Over the last five years, no team in the country has been better at rebounding than the Quinnipiac Bobcats. Under the guidance of head coach Tom Moore, the Bobcats have finished among the top two teams in the country in rebounds per game every year this decade. Each of the last three years, they have led the nation in the category.
When sophomore forward Chaise Daniels went down with a right knee injury last weekend during Quinnipiac’s game against Niagara, the Bobcats’ hopes of four-peating in that category took a major hit. Despite his young age, Daniels has been leaned on as the primary presence in Quinnipiac’s frontcourt on both ends of the floor.
Through six games, Daniels averaged 10.0 ppg, 5.8 rpg, and 3.0 blocks per game. The sophomore was poised for a breakout season, despite Moore’s admission that Daniels was being relied on more than he would like.
“If you go back, only Justin Rutty was really needed in the first game of his sophomore year,” Moore said after Daniels posted a career high 20 points and 12 rebounds against Holy Cross earlier this season. “Ousmane [Drame] and Ike [Azotam] never had that pressure first day sophomore year because they always had older guys over them. What we’re asking of Chaise right now is borderline unfair. It’s like what the high majors usually ask from guys.”
Early in the first half of Quinnipiac’s opening game of MAAC competition at Niagara, Daniels went down hard while attempting to draw a charge. He was helped off the court, finishing the game with four points in just five minutes of play. Results of an MRI showed no tear to his ACL, but recovery time was set at 4-6 weeks.
“I was hoping it was nothing serious,” freshman forward Abdulai Bundu said of Daniels’ injury. “Usually Chaise goes down like that and gets right back up because he’s a really tough dude, one of the toughest players we have on this team. Chaise was our energy spark. When he’s out, you can feel him missing on the court. He talks, he’s the voice, he’s got the passion and aggression, everything you look for in a player.”
“He was very excited when he found out he was coming back this season,” forward Donovan Smith said of Daniels’ reaction to his MRI. “I was excited for him. I wanted him to get back on the court so we could be the dynamic duo I know we can be.”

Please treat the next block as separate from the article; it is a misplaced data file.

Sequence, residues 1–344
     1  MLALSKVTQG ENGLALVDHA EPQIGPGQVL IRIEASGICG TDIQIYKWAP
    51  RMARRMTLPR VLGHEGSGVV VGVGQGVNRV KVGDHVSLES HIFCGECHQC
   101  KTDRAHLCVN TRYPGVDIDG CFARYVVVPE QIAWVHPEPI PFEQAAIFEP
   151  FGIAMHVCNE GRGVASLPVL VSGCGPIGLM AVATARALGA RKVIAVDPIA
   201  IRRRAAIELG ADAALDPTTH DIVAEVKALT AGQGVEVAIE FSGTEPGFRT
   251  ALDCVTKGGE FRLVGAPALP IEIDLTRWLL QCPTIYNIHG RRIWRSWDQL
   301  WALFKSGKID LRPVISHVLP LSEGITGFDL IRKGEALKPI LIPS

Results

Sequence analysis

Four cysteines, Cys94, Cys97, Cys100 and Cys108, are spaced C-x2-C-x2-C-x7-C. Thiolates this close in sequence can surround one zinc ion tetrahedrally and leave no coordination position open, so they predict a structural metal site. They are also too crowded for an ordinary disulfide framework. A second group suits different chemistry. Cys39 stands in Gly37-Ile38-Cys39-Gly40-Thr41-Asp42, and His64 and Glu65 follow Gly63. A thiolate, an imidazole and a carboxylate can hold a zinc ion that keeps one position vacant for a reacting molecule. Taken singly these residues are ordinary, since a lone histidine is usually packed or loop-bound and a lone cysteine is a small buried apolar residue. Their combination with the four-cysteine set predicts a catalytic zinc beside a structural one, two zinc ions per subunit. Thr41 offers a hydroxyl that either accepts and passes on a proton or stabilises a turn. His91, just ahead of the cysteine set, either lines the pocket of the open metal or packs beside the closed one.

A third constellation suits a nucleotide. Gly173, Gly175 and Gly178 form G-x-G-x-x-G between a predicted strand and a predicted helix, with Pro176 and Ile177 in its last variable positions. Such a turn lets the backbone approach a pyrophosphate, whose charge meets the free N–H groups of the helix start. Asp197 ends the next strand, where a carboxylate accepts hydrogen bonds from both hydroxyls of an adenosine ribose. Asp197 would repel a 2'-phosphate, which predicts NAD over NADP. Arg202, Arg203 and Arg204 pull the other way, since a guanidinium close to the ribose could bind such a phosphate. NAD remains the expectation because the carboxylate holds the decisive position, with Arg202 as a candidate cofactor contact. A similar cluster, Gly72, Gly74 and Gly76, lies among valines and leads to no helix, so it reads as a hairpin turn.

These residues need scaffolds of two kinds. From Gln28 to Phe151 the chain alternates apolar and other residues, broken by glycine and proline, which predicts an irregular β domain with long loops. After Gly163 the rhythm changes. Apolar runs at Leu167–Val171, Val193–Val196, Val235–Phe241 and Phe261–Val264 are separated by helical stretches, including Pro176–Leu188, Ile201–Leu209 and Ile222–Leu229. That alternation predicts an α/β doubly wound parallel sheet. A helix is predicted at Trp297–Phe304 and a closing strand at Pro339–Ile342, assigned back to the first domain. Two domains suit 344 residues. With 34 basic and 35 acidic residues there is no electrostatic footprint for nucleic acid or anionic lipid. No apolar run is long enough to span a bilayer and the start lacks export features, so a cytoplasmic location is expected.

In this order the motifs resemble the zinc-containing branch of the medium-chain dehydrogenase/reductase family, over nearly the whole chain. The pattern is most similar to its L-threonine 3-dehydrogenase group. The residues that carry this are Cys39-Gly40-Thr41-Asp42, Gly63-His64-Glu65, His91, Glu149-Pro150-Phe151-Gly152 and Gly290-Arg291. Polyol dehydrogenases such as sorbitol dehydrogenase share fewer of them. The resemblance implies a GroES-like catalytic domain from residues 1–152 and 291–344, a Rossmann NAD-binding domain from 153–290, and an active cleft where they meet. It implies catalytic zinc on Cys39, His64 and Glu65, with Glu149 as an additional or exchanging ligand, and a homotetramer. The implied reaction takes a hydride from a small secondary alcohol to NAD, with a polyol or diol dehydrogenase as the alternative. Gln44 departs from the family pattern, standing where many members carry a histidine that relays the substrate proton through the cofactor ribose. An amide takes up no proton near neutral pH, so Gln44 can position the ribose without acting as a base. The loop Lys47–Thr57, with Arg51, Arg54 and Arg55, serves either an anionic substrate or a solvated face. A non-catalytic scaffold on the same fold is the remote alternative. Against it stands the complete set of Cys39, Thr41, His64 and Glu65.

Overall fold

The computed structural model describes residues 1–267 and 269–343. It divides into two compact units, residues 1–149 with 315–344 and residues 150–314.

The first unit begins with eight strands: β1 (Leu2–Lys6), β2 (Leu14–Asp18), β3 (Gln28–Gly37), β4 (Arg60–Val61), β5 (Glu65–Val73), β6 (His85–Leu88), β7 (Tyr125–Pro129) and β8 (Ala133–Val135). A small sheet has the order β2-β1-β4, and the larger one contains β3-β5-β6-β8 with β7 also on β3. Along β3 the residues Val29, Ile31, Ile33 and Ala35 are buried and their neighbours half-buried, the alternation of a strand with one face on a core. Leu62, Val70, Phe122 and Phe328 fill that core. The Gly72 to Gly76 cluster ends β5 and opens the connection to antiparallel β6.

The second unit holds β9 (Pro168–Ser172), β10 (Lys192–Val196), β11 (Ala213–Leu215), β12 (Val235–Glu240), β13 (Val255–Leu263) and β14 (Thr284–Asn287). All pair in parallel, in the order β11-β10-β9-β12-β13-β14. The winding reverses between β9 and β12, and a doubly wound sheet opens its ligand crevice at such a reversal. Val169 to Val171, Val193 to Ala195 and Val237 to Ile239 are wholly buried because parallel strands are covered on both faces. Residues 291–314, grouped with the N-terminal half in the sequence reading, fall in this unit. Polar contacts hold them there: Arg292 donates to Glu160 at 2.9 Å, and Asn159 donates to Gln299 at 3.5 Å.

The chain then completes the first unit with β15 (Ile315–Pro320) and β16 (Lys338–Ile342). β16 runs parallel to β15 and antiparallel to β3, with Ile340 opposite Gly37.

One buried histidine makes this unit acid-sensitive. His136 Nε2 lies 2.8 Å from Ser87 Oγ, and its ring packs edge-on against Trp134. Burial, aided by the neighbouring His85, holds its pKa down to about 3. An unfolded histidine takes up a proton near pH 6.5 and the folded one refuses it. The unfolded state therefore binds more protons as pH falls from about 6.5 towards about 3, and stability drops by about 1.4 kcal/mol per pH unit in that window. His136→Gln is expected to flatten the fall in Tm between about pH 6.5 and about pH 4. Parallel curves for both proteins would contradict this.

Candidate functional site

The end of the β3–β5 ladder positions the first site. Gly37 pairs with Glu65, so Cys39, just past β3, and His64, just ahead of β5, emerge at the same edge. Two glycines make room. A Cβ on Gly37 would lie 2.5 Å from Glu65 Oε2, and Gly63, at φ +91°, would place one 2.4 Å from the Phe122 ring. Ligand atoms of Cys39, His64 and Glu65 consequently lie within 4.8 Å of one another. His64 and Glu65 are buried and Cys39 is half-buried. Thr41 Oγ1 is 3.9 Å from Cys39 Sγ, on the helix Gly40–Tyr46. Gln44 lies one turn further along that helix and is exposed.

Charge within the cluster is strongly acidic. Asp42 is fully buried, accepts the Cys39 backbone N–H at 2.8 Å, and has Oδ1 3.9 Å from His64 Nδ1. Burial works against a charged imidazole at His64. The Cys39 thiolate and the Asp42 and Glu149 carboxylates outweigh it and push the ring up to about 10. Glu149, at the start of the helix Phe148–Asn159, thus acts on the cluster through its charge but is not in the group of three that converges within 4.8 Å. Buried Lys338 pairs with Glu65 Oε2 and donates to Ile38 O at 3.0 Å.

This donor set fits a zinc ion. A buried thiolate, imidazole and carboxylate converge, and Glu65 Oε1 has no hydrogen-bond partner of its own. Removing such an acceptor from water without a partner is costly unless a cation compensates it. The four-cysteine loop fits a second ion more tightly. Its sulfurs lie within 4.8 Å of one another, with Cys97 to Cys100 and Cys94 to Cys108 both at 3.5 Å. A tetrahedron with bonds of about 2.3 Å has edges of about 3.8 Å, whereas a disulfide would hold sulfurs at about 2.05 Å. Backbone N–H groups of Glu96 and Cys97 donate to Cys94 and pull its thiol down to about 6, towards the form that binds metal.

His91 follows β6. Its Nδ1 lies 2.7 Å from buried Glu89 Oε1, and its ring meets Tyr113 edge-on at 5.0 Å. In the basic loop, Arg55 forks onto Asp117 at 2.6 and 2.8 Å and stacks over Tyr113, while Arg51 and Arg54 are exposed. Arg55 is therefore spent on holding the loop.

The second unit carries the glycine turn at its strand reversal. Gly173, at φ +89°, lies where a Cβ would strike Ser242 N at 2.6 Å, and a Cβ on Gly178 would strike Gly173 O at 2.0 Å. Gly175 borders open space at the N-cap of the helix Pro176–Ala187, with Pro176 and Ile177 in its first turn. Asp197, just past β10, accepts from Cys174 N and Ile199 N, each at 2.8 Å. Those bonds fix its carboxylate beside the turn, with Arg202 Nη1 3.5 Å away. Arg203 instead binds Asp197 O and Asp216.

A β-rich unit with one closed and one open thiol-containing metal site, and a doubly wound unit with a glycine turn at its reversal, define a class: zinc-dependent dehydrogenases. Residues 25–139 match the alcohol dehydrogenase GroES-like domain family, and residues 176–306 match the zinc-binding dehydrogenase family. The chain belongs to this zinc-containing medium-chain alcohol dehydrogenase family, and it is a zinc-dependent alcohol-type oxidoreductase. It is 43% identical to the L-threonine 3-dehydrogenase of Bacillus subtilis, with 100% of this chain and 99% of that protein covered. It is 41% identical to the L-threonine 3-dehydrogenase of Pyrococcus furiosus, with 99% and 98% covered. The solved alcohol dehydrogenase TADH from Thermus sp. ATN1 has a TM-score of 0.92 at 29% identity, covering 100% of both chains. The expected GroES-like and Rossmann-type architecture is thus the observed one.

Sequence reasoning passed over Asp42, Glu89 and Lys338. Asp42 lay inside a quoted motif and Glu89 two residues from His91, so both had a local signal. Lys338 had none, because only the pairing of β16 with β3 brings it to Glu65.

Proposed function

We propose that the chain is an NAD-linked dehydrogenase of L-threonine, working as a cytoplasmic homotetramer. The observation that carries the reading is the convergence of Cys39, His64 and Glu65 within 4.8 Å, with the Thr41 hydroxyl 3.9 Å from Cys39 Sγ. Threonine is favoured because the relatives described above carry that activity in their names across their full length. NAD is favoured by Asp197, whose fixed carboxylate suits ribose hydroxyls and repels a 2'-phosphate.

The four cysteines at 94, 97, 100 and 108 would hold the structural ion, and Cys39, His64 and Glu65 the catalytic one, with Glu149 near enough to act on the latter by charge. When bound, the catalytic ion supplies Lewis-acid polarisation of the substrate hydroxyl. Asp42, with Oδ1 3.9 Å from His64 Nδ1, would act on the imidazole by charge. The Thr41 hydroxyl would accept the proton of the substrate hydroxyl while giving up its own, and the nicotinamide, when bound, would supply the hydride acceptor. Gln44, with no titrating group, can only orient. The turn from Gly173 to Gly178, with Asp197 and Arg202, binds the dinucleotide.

In Daniels’ absence, players like Bundu and Smith will be relied upon to eat up extra minutes. Bundu has shown tremendous raw physical ability in limited playing time, leading teammate Will Simonton to call him “a freak of nature.” Despite a short stat line (averaging 3.3 ppg and 3.8 rpg this year), Bundu has increased those numbers since Daniels’ injury. Over the last three games Bundu is averaging 4.0 ppg and 5.3 rpg, and pulled down a career high nine boards Sunday against Boston University.
“I’ve been trying to be more aggressive offensively,” Bundu said of his extra playing time. “As a freshman I just want to be able to take those minutes, learn every time I’m on the court, and be ready to get back on the floor better than last time.”
Perhaps no forward will be leaned upon more heavily over the next few weeks than Smith. The junior college transfer posted 14 points Sunday against BU and has averaged 10.6 ppg, 5.6 rpg, and 2.6 bpg over the last three contests. Additionally, Smith posted a career high 18 points in the game at Niagara during which Daniels was injured.
“We’ve got this thing called the closed fist theory,” Smith said. “When we don’t have a closed fist, we’re not going to win games. When we come close together, have a closed fist, and we’re a tight family, we win games.”
Adding more worry to the Bobcats’ frontcourt situation is a potential injury to Samuel Dingba. The sophomore left Sunday’s game after just nine minutes following a potential head injury sustained while breaking up a pass under the basket. Dingba walked to the locker room under his own power, but was not cleared to return to the court.
Any potential injury to Dingba, who missed 12 games last season with a leg injury, would heap added pressure on Simonton, the final line of defense for the Bobcats. Simonton, a graduate transfer from Illinois-Chicago, joined Quinnipiac averaging just 1.8 ppg and 1.9 rpg.
“I know how physical the game is,” Simonton said. “I just try to come in and do some small things that can help us win. I’m capable, I’m a fifth year senior. It’s why they recruited me; to come in here for situations like this. Now that he [Chaise] is down, me and Donovan have to pull up the slack. There’s no other way around it. If we don’t, we’re not going to win games.”
“Right now it’s a little bit of a shock to Donovan and Will’s systems, the amount of minutes we have to play them,” Moore said. “I think they’ve done an admiral job stepping up the last three games.”
For now, the Bobcats’ frontcourt has held their own in the absence of Daniels, but tough tests sit right around the corner. Quinnipiac makes the cross country trip to play Oregon State next Monday. Although the Bobcats got the better of Oregon State in Hamden last year, the Beavers have started the season strong and dispatched MAAC favorite Iona by 20 points earlier this year.
Quinnipiac wraps up their non-conference schedule at Maine on December 29 before resuming MAAC play by hosting Iona on January 2. Daniels is projected for a mid-January return, and could suit up for the Bobcats’ January 17 game against Canisius.
Vincent Simone covers Quinnipiac, the MAAC, and Hofstra among others for Big Apple Buckets. You can follow him on Twitter @VTSimone.